"CCG members also noted the development of cloud security as an emerging risk area, and that data held in cloud environments should be encrypted and protected by appropriate intrusion detection/prevention controls. In some cases, it may be advisable to include “kill switch” technology, which allows for immediate disconnection to manage the risk of a cyber attack having a more widespread impact."
See NY Times Article: https://www.nytimes.com/2020/04/28/business/star-wars-may-the-fourth-disney.html
One professional photographer found out about this the hard way.
"Unquestionably, Instagram’s dominance of photograph- and video-sharing social media, coupled with the expansive transfer of rights that Instagram demands from its users, means that Plaintiff’s dilemma is a real one. But by posting the Photograph to her public Instagram account, Plaintiff made her choice. This Court cannot release her from the agreement she made."
See Sinclair v. Ziff Davis and Mashable
Google has been served with a third preliminary discovery lawsuit in Australia seeking the identity of online reviewers, this time by a Melbourne brothel and escort service seeking to eliminate 11 one-star reviews from the search engine.
"We consider the design of the Facebook platform meant that users were unable to exercise reasonable choice and control about how their personal information was disclosed," says Australian Information Commissioner and Privacy Commissioner Angelene Falk.
Whether this actually accomplishes what they want to do is uncertain.
Using small snippets of public available music (or computer code) to create a work, that is the same as a well-known larger work, may still be copyright infringement. It depends on whether the creator knew of and had access to the well-known larger work.
See Dais Studios case, where Ben Petro copied public Java script to create a larger computer program. See also AFR Article
This also has relevance to AI programs and how they are trained.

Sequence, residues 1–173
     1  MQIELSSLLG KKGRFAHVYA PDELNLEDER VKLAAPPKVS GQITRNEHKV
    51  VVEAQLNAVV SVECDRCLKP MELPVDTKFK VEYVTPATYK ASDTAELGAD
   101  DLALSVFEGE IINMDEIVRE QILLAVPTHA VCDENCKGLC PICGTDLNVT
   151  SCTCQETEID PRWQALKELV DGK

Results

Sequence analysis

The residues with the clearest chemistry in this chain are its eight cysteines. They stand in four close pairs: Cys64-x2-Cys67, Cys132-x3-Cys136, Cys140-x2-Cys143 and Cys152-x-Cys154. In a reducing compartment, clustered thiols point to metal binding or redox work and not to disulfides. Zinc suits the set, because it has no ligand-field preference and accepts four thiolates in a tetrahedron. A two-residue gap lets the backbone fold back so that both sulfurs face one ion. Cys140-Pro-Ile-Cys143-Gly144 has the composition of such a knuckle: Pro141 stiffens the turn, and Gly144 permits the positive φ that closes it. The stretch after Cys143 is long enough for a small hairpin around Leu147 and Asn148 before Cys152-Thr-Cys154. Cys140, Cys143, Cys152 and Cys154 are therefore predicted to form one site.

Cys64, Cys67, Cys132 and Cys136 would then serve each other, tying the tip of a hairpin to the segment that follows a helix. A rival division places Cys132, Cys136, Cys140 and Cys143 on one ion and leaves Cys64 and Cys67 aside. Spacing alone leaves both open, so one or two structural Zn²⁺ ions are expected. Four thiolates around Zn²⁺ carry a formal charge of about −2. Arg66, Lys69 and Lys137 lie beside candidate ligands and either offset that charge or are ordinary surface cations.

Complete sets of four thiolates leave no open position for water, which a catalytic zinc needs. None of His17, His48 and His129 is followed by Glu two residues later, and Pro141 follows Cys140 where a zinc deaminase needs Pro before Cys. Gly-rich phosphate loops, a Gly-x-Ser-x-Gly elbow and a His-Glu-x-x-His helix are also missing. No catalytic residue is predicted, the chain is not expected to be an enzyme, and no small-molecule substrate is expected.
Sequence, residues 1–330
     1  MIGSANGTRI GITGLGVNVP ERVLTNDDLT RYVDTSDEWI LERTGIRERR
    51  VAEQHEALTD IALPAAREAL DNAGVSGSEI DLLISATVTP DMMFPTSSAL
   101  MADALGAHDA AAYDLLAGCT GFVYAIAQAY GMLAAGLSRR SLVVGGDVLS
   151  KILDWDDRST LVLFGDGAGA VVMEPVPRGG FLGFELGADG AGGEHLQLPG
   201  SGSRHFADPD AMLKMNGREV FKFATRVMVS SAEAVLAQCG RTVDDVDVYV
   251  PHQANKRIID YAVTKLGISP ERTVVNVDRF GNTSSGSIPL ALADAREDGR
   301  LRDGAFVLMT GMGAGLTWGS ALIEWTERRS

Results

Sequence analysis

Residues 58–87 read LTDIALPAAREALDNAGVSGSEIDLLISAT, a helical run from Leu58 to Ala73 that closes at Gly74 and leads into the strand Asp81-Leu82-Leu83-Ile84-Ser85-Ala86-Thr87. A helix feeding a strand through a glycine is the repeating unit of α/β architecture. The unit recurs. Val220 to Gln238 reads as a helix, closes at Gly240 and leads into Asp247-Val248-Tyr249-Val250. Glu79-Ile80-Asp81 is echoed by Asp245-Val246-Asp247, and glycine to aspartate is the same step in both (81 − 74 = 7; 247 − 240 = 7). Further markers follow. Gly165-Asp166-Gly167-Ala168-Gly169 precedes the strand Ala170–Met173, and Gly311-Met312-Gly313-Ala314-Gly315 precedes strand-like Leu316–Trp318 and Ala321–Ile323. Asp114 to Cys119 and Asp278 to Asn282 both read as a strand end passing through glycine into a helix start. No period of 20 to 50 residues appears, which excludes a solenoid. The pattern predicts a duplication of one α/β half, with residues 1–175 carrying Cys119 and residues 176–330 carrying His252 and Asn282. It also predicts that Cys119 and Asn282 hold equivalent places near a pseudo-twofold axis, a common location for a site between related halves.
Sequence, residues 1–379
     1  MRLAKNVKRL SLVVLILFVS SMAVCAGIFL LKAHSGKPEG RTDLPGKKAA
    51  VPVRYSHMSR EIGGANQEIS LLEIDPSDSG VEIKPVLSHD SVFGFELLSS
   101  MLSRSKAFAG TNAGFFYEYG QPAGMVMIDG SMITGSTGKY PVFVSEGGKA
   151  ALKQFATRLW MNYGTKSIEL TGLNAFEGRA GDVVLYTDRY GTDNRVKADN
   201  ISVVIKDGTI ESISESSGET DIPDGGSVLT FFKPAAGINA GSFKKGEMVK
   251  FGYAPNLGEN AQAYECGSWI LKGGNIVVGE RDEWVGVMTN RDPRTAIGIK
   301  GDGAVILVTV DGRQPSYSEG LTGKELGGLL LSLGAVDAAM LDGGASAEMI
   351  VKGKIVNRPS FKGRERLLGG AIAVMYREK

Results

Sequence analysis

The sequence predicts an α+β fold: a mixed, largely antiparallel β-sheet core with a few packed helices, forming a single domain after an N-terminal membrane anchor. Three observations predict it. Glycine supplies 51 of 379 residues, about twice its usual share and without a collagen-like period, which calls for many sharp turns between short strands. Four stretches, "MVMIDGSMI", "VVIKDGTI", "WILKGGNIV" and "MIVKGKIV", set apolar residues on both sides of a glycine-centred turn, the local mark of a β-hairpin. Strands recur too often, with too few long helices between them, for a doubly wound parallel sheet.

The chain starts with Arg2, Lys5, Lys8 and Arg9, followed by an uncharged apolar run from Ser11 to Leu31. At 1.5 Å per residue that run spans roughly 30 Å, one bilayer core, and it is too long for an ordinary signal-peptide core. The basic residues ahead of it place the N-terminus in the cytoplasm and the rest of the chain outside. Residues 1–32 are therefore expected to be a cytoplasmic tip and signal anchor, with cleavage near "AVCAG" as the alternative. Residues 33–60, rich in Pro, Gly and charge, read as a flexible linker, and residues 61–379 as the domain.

The injunction was upheld by both the Court of Appeal and the Supreme Court of Canada, but Google then obtained an order from a California court making it unenforceable in the United States. Google now applies to set aside or vary the injunction. Google was unsuccessful.
Comments in this Canadian Blog
- Harold Cohen – The Age of Intelligence Machines (1987) - https://www.youtube.com/watch?v=IPczQgCuOOc&feature=youtu.be
- Is it art? Portrait created by algorithm on sale at Christie’s – https://www.youtube.com/watch?v=yeshFQZCD7E
This is similar to the Meriton case, discussed in posts below, regarding misleading hotel reviews on TripAdvisor.
The judge hearing the case is Justice Robertson. The oral argument went for 3 days, and finished on 20 July 2018. The judge is now writing a written decision.
See Australian Financial Review background story, and summary of Patent Office decision being appealed is here.
See blog post here.
See KWM article Google this: The High Court allows Google to be sued for defamation
See Sydney Morning Herald article
See HCA judgment Trkulja v Google LLC  HCA 25
I strongly urge you to review the issues papers and to provide feedback.
Direct registration will allow registration of domain names in Australia such as cyberspace.au.
There are other reforms being discussed. See the Issues Paper that was published at the end of January.
The judgment is here:
This is an important copyright and consumer protection law case. Redbubble recently appealed (and its seems that their appeal was lodged outside of the appeal window).
There is also a similar case pending, involving the Hell's Angels.
A good summary is located on the IP Whiteboard blog.
Google's search results included defamatory material. Google was found to be a secondary publisher.
Case note here.
See LA Times
See judgment at: http://www.judgments.fedcourt.gov.au/judgments/Judgments/fca/single/2017/2017fca1305
According to the judgment, Meriton manipulated TripAdvisor in two ways:
The Australian Government has just released a proposed law to deal with defamation and social media comments. See Social Media (Anti-Trollin...
The United Nations intellectual property agency (WIPO) is the latest front in the US-China trade war. http://www.theage.com.au/world/sad-am...
Finally, what is called direct registration of domain names is coming to Australia. See https://www.auda.org.au/statement/australias-interne...
It was only a matter of time. The restaurant chain Wagamama has been reported to the UK Information Commissioner’s Office (ICO) for alleged...